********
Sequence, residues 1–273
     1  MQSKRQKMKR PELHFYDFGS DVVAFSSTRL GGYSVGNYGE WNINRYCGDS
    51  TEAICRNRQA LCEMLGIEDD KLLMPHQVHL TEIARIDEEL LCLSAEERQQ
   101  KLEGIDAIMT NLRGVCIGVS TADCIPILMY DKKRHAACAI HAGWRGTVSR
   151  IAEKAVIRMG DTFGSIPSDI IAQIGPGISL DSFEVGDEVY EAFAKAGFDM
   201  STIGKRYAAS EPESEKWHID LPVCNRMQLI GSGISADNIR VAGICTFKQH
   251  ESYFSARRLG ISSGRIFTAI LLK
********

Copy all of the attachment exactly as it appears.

Sequence, residues 1–273
     1  MQSKRQKMKR PELHFYDFGS DVVAFSSTRL GGYSVGNYGE WNINRYCGDS
    51  TEAICRNRQA LCEMLGIEDD KLLMPHQVHL TEIARIDEEL LCLSAEERQQ
   101  KLEGIDAIMT NLRGVCIGVS TADCIPILMY DKKRHAACAI HAGWRGTVSR
   151  IAEKAVIRMG DTFGSIPSDI IAQIGPGISL DSFEVGDEVY EAFAKAGFDM
   201  STIGKRYAAS EPESEKWHID LPVCNRMQLI GSGISADNIR VAGICTFKQH
   251  ESYFSARRLG ISSGRIFTAI LLK